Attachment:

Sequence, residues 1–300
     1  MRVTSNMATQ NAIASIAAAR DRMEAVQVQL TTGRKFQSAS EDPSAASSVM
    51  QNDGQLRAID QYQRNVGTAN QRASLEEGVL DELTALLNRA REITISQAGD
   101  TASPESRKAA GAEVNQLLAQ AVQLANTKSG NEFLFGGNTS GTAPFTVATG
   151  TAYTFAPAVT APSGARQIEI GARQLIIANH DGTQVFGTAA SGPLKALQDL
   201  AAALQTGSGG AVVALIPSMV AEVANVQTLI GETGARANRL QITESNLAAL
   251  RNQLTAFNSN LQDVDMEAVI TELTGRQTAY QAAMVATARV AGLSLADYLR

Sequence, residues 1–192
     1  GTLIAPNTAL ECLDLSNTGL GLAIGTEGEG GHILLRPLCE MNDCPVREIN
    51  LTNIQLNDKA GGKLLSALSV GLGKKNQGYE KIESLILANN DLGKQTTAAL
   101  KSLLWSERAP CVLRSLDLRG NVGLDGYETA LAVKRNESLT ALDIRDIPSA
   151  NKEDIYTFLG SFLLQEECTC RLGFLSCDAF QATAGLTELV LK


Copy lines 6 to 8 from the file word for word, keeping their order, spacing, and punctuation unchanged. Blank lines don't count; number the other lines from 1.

   201  AAALQTGSGG AVVALIPSMV AEVANVQTLI GETGARANRL QITESNLAAL
   251  RNQLTAFNSN LQDVDMEAVI TELTGRQTAY QAAMVATARV AGLSLADYLR

Sequence, residues 1–192